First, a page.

• Are these open standards?
                      • Are they reliable and robust enough to build
                        mission-critical services on?
                      • Is there a clear roadmap for the future?
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     RSS Example   RSS – Governance Issues
                   Governance Issues:
                    • RSS 1.0 specification maintained by Aaron Schwartz:
                       "Aaron Swartz is a teenage writer, hacker, and
                       activist. He was a finalist for the ArsDigita Prize for
                       excellence in building non-commercial web sites at
                       the age of 13. At 14 he co-authored the RSS 1.0
                       specification, now used by thousands of sites to
                       notify their readers of updates.“ (Web page now changed)
                    • RSS 2.0 specification developed by Dave Winer:
                       "Winer is known as one of the more polarizing
                       figures in the blogging community. … However ..
                       there are many people and organizations who seem
                       unable to maintain a good working relationship with
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     RSS Example   RSS 1.0 – Roadmap Issues
                   RSS 1.1:
                     • In Jan 2005 RSS 1.1 draft released:
                           "[we] expressed our mutual frustrations with 1.0 …,
                           we decided that rather than lauch (sic) ... another …
                           diatribe against the quality of the RSS 1.0 spec, … [we
                           would] simply write a new specification ourselves. "

                   But it is no longer being developed:
                      • Draft technically good (addressed ambiguities &
                        interoperability flaws) but political reaction apathetic
                      • RSS 2.0 has (a) better acronym and (b) momentum
                        (through Podcasting)
                      • And RSS 2.0 sounds newer
                      • RSS 3.0 (joke?) proposal has caused confusion
                        and arguments on Slashdot and elsewhere
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     RSS Example   RSS 2.0 – Roadmap Issues
                   RSS 2.0:
                    • Spec published by Harvard Law School with a
                      Creative Commons licence
                    • RSS-Board YahooGroups used for governance body
                    • Many arguments (most recently on proposal to
                      expand board in April 2006):
                   "Winer has now decided that the board doesn't exist and never
                   had authority over the RSS specification, even though it has
                   published six revisions from July 2003 to the present.
                   I don't agree, but now that the board's fully public, we're in a
                   position to make his wish a reality."

                   Note Wikipedia has useful links to the history and
                   politics of RSS
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       RSS Example   Podcasting
                     Lots of interest (recording lecturers; student created
                     Podcasts; marketing; …)
                     A simple enhancement to RSS 2.0 (syndication
                     sound/movie file, and not just text)
     <itunes:author>Henry Rzepa</itunes:author>                                But:
     <description>Wiki Workshop</description>                                   • Syndicates MP3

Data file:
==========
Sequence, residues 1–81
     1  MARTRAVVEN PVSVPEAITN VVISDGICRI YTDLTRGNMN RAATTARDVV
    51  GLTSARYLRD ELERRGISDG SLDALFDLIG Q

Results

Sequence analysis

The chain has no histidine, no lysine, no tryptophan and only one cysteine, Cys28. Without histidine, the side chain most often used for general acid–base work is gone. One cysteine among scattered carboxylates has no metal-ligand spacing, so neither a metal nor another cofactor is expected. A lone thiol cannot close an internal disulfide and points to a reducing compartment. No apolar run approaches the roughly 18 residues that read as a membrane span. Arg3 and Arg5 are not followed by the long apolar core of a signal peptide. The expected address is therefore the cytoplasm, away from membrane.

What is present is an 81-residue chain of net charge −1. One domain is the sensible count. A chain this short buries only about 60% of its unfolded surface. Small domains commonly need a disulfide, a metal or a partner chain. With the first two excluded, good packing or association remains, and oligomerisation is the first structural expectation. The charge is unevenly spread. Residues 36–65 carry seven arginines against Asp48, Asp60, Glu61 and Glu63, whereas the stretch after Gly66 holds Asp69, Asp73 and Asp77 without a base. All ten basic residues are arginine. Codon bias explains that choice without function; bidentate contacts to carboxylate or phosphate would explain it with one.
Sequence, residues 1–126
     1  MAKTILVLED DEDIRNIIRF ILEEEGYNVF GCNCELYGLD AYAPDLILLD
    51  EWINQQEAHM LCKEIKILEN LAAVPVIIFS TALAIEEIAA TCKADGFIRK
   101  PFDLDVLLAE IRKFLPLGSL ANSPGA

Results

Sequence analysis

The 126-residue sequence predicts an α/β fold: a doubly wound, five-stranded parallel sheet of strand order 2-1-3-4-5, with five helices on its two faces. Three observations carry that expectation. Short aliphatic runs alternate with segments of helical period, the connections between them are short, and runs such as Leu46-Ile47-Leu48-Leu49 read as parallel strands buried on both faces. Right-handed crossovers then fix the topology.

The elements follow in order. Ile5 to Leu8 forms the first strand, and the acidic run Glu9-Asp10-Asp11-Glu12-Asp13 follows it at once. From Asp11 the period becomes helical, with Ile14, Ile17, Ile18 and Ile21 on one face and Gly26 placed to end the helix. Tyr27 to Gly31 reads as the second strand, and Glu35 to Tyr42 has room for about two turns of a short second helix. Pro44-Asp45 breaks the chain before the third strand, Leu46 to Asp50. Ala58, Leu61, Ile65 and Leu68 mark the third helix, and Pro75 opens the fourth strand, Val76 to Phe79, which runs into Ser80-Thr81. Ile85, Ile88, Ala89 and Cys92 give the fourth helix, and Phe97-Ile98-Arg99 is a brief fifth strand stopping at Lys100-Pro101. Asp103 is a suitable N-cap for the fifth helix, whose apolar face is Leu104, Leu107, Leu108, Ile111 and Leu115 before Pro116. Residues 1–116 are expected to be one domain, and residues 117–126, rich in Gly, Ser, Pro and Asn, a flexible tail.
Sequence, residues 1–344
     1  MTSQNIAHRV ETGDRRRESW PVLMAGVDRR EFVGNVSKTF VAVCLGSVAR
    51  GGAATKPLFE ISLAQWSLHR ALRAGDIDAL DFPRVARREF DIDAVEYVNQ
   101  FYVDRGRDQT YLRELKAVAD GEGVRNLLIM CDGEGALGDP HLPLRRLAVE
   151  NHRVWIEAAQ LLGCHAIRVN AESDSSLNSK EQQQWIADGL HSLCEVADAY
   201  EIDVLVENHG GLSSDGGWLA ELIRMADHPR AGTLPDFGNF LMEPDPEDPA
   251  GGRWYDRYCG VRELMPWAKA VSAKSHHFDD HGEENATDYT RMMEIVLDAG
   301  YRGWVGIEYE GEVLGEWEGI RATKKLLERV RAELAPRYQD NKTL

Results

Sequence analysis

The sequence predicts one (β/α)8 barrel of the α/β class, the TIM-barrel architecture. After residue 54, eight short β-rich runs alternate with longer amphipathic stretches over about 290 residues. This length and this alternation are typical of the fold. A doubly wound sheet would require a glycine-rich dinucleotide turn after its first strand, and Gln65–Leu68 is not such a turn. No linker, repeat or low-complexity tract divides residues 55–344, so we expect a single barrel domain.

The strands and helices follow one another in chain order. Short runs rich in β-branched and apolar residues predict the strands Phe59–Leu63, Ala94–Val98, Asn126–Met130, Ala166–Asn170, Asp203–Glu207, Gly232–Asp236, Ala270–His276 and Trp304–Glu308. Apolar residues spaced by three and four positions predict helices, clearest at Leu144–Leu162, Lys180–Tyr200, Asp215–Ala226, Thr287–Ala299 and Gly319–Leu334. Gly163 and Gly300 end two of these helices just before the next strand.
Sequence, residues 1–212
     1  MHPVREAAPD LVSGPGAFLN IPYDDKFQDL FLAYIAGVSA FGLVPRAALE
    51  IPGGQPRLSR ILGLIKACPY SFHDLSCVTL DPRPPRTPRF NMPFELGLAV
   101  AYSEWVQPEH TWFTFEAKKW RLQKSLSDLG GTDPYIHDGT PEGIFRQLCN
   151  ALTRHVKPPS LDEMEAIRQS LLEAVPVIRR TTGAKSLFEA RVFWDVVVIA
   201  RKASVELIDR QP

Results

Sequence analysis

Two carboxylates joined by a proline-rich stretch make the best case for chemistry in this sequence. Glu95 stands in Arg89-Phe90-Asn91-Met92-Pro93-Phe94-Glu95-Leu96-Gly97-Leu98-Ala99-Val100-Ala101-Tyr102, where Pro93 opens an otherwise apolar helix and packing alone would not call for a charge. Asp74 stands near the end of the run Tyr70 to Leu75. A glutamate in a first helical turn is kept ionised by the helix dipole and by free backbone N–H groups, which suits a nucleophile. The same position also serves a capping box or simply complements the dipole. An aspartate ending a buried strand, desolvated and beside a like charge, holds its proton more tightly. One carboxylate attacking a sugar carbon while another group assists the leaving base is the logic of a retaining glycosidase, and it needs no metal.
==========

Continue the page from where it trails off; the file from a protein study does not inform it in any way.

…                                                                           (Ogg, who cares?)
     <itunes:category text="Education">
                                                                                • Proprietary Apple
     <itunes:category text="Higher Education"/>
     <itunes:keywords>Chemistry, …

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     RSS Example   RSS – Summary
                   What can be learnt:
                     • We thought RSS was a great lightweight
                       syndication technology
                     • It was – but competing alternatives were
                     • No clear winner (RSS 1.0's extensibility & W3C's
                       support versus RSS 2.0's simplicity and take-up
                       in Podcasting, iTunes, etc)

                      • Life can be complex, even with simple standards
                      • Technical merit is never enough – market acceptance can
                        change things
                      • RSS can still be useful, and interoperability can be provided by
                        RSS libraries supporting multiple formats
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             Isn’t Slideshare Good Enough?
                                                is a good
                                                         example of a digital repository
                                                         for slides, which is easy-to-use
                                                         and supports community
                                                         discussion, folksonomies, etc.
                                                         How does this compare with the
                                                         traditional JISC approach (see
                                                         Andy Powell‟s Blog ).
                                                            • The slides can be embedded
                                                            • PowerPoint & ODF supported
                                                              - but not XML or PDF!
                                                          NB looking for other slides about
                                                          “standards” finds Stephen
                                                          Downes critique of standards
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     VRVS vs Skype
                                                    Oct 2004 – Andy Powell‟s
                                                    Ariadne article on benefits of